When should you cut and transplant it?
It is advised to break off the flowerheads of rhododendrons after blooming, so the plant can use this energy otherwise used for seeds to ripen for the development of flower buds instead. Of course, the bushes will look aesthetically better as well.
Our rhodo garden is twelve years old already and I don’t break the flowerheads off anymore. First, it takes a lot of time because our rhodos are rather large and tall; I also hope that when growing the seeds, they do not have the energy left to send out very long new growth and will be more compact. I definitely recommend breaking off the flowerheads on young plants.
Rhodos put up with transplanting very well. It should be kept in mind that the roots go about 30 cm deep only and spread out. So the root ball should be dug out with plenty of soil around it. Also, rhododendrons tolerate cutting well, even though this is not really done much. If your plant is too wide or too high, cut it into a shape. June is the right time to do this. The plants respond well to pruning; after blooming, cut a young shoot so that one young leaf is left. All shoots may not be pruned every year because after cutting, no flowers will grow on the shoot next year. In the lower part of a rhododendron shoot, there are the “dormant” buds, and the bush can be renewed by cutting it back. This can be done when the bush has suffered a lot of damage for any reason (strong sunburn, for example).
Covering up the rhododendrons
If there is a risk of too much sun on the rhodos in the winter, they need to be covered up. The shade cloth should not be spread right across the plants, but support pegs should be used and placed in the form of a pyramid above the plant. This will avoid the branches breaking under the weight of the snow because the snow will not remain on the cloth. It is smart to put the support pegs and the shade cloth in place in the autumn already to avoid missing the first sunny days at the end of January and the beginning of February when the sun is powerful enough to damage the plant even though the ground surface is frozen. Do not use insulation cloth or a shade cloth designed to mainly keep the warmth in. Using these, water starts evaporating from the evergreen rhododendron, the leaf will dry up and turn brown, and the plant may die.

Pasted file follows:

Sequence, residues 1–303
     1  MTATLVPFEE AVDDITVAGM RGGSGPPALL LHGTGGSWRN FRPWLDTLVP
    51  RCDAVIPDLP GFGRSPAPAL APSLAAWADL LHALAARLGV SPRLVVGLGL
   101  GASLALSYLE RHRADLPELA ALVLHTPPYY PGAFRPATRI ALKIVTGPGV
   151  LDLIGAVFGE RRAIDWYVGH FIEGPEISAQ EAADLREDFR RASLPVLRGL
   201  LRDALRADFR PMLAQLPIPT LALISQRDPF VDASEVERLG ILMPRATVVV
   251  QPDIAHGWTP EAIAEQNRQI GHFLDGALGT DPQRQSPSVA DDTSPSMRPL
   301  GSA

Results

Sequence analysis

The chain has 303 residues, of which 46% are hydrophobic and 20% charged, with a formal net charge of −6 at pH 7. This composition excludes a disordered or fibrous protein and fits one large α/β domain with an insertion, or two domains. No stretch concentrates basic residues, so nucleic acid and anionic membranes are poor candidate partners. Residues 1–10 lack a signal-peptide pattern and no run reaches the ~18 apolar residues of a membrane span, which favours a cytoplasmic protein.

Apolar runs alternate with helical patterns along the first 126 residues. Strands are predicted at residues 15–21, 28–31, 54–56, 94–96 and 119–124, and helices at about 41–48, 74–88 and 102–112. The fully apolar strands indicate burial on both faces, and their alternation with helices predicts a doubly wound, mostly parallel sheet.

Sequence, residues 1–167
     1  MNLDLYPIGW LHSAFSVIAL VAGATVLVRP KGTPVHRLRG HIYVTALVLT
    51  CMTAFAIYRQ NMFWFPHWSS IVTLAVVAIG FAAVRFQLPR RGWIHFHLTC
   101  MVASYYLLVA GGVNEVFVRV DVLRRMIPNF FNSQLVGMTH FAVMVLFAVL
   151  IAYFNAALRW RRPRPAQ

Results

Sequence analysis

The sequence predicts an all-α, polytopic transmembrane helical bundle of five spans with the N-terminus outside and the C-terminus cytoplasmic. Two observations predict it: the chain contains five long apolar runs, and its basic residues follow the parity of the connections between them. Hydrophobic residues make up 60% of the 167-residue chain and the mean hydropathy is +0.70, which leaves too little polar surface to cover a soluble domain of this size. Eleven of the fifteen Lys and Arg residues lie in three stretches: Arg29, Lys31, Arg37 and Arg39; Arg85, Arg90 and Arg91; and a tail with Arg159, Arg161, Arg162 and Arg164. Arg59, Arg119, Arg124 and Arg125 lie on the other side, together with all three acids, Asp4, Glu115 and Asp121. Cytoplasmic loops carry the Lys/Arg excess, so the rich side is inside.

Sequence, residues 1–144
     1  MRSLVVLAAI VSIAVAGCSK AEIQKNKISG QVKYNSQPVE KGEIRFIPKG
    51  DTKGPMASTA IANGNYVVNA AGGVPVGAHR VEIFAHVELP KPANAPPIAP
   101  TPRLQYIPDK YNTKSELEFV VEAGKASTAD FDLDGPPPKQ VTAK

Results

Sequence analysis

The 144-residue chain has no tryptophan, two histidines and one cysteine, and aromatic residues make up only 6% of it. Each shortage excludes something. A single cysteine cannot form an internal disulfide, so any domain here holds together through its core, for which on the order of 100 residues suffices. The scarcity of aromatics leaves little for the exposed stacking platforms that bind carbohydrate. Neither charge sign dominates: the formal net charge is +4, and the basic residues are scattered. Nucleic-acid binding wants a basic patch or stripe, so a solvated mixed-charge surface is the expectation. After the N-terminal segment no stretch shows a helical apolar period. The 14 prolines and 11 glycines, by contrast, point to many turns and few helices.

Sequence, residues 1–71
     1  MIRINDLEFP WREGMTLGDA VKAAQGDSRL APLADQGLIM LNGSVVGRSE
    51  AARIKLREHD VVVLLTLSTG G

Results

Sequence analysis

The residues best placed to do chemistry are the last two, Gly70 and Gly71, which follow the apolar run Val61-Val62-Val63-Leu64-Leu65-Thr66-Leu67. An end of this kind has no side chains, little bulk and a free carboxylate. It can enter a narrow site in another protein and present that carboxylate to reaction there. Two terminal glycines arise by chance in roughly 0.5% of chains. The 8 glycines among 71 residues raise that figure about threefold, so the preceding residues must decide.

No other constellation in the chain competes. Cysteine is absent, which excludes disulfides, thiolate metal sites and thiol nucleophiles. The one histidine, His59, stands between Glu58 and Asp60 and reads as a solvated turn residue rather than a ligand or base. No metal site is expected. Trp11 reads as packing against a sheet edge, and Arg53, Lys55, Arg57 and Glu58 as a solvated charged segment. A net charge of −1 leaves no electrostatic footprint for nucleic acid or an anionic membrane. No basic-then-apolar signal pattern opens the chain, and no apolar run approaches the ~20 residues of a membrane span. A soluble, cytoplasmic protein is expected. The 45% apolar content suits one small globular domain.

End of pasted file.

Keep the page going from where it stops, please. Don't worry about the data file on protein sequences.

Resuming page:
There are differing opinions on mulching a rhododendron garden. Excessive mulch prevents the peat from melting in the spring and there is a risk of sunburn. Instead of mulching the peat garden, I have covered the free space with acidophilic shade plants. Even some mosses have started growing under the rhodos, and I have found some mushrooms as well.
Diseases and pests on rhododendrons
Rhododendrons are part of the plant group that is not much damaged by diseases and pests. Over the past few years, a dangerous fungal disease has started spreading on rhodos – sudden oak death – which has been brought into Estonia with imported plants. We can avoid diseases and pests if we guarantee optimum growing conditions for the rhododendrons because a weak plant is more likely to be hit harder by the disease.
The delightful deciduous rhododendrons
In addition to the evergreen rhododendrons, we have deciduous ones in our garden as well. The deciduous rhododendron types which, as a rule, are more resilient than other types and which we have brought from Tõnu Lind in Häädemeeste, are a truly beautiful sight of blossoms to enjoy.
Deciduous rhododendrons do not need a lot of maintenance because they lose their leaves in the autumn and are not in danger of sunburn in the winter. Also, they are more cold-hardy than evergreen rhodos and less prone to diseases. They look very nice in the autumn when the leaves change into autumn colours before falling down. A gardener only starting out should definitely try out deciduous rhododendrons.
We enjoy our rhodo bed a lot. Over the years, a luscious and rich flora has developed around the large mountain pine, and we lovingly refer to it as “our forest”. In our garden, we have planted lots of perennials, heathers, bulbous flowers and grasses in between the rhodos, there are plenty of flowers and different leaf structures to enjoy throughout the growing time. Each year at the beginning of the summer, during peak bloom time, we open our gates for free visits. You can find information about the events in our garden on the Facebook page of Maie’s Garden (Maie Aed).